Greek Sculpture evolved and transformed throughout the ancient civilization through nearly nine hundred years and three major historical periods. Over the lengthy time that the Greeks prospered, many artists and sculptors worked to perfect the arts that they labored on. They started from the ground up and their art continuously developed from the feet, eventually up to the head where the sculpture was perfected. Each period, from the Geometric to the Hellenistic had significant jumps in skill within the artists, although they can be grouped together by similarities. The Geometric, the Orientalizing and the Archaic periods have many similarities based on how primitive they were. The Early, High and Late Classical sculptures are largely formed from the Canon that Polykleitos developed. Lastly comes the Hellenistic period. It varied so differently from the other periods because of the amount of detail that the sculptures put into their work.
The first four hundred and twenty years from 900 to 480 B.C.E., Greek civilization provided sculpture that slowly developed through time. It started with the Geometric period with the Hero and the Centaur. Created later in the Geometric period, the Hero and the Centaur show the most basic form of what the Greek’s created. With triangular heads and disproportionate bodies, arms and legs; there was a lot to be improved upon. Just one example of how fundamental this art piece really is, is how the horse portion of the centaur connects to the human portion. The Greeks in that period did not fully understand how to connect the two bodies without flaws. The next two pieces (Mantiklos Apollo and the Woman of Auxerre) in the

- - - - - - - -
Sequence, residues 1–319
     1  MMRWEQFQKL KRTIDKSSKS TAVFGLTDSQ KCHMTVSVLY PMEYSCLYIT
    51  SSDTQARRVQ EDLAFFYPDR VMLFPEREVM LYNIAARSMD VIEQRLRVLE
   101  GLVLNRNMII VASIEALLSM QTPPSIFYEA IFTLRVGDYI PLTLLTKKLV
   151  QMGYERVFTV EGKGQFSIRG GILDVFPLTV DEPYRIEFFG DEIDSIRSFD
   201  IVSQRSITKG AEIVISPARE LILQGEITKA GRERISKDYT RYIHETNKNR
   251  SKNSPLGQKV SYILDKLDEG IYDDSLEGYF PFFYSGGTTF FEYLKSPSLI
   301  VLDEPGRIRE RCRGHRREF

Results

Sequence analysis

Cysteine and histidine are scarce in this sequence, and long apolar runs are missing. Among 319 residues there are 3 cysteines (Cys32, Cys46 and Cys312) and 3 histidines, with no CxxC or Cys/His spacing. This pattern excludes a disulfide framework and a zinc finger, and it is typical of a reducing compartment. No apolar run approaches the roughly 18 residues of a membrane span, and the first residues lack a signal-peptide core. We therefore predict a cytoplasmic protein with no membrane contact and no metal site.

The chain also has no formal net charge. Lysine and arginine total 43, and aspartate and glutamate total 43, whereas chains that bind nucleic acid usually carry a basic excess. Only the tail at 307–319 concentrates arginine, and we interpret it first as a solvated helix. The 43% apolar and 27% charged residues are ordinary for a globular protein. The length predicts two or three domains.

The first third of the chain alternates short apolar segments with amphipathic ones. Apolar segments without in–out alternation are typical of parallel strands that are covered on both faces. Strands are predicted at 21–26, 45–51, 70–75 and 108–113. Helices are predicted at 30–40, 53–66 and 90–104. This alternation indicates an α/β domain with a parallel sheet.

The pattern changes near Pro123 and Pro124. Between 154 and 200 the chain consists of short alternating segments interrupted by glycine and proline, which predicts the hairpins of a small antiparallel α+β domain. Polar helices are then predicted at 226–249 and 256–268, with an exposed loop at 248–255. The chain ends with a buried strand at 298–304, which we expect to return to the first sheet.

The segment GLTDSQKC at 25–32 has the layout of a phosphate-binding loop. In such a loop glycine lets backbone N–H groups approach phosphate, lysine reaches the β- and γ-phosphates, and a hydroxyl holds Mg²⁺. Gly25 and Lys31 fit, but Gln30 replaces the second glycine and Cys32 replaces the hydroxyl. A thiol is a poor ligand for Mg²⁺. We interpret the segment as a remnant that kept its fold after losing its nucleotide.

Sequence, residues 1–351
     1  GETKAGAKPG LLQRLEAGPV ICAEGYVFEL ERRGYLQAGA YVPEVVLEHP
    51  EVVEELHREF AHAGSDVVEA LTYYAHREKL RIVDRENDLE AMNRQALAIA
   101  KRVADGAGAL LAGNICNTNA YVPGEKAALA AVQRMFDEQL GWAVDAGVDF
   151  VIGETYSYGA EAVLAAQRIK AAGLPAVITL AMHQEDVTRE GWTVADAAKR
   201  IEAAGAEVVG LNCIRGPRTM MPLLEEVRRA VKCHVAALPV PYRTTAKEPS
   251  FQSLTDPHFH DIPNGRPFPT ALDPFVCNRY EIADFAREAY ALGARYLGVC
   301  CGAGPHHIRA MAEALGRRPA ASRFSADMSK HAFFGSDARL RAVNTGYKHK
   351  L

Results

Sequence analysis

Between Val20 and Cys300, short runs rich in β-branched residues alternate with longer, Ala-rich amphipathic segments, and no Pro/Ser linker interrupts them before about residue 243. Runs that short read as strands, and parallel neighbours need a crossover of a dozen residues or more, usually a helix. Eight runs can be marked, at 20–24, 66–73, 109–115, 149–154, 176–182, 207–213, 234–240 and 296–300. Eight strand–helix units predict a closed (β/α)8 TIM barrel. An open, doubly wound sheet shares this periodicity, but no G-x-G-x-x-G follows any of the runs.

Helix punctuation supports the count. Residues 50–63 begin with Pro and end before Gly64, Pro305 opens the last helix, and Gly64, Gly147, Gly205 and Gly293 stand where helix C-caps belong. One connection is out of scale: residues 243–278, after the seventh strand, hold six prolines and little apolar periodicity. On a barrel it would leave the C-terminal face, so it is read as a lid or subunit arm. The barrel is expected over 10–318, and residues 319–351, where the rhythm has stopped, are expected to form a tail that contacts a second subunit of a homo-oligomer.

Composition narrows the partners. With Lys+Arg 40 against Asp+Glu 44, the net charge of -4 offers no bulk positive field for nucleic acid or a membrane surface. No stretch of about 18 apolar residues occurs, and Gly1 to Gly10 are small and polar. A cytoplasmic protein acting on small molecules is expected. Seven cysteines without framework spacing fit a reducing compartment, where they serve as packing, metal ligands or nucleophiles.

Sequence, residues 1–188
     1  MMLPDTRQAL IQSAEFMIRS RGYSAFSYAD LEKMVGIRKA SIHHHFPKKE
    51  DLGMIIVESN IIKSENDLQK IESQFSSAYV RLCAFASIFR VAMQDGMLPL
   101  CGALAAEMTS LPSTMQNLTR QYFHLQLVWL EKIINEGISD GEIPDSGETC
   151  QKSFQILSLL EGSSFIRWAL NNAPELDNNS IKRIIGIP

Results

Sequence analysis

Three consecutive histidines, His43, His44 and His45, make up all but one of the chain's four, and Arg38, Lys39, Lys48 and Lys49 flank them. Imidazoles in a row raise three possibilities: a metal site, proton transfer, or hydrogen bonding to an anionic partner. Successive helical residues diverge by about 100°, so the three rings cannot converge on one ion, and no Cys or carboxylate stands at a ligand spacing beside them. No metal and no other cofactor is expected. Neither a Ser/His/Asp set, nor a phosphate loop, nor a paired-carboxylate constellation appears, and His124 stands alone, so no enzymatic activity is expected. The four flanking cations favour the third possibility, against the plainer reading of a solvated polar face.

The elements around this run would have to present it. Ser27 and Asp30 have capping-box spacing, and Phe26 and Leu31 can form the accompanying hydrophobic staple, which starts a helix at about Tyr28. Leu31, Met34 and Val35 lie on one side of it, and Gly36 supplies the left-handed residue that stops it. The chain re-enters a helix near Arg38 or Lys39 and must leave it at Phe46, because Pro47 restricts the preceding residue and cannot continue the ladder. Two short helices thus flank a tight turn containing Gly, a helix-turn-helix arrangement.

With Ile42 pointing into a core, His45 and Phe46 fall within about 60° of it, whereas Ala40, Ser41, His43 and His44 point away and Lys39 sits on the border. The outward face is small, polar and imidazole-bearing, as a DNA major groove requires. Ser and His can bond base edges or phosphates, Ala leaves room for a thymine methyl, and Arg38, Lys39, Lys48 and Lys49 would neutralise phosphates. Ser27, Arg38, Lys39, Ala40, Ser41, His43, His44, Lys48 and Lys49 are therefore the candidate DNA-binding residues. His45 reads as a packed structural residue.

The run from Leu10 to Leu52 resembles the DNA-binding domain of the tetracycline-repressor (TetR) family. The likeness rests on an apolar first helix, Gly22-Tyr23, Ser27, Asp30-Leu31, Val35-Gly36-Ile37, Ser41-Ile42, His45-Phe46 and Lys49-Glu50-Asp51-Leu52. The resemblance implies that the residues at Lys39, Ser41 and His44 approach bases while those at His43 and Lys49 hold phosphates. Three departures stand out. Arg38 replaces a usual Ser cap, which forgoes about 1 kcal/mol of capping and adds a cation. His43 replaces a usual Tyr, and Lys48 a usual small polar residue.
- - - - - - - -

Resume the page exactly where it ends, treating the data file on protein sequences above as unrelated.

Orientalizing period do show advancement, however they are using triangular shapes and symmetrical patterns in the pieces. The pieces do look more human now with more anatomy placed correctly, but they do have certain incorrect features such as the elongated neck, the short arms and the...
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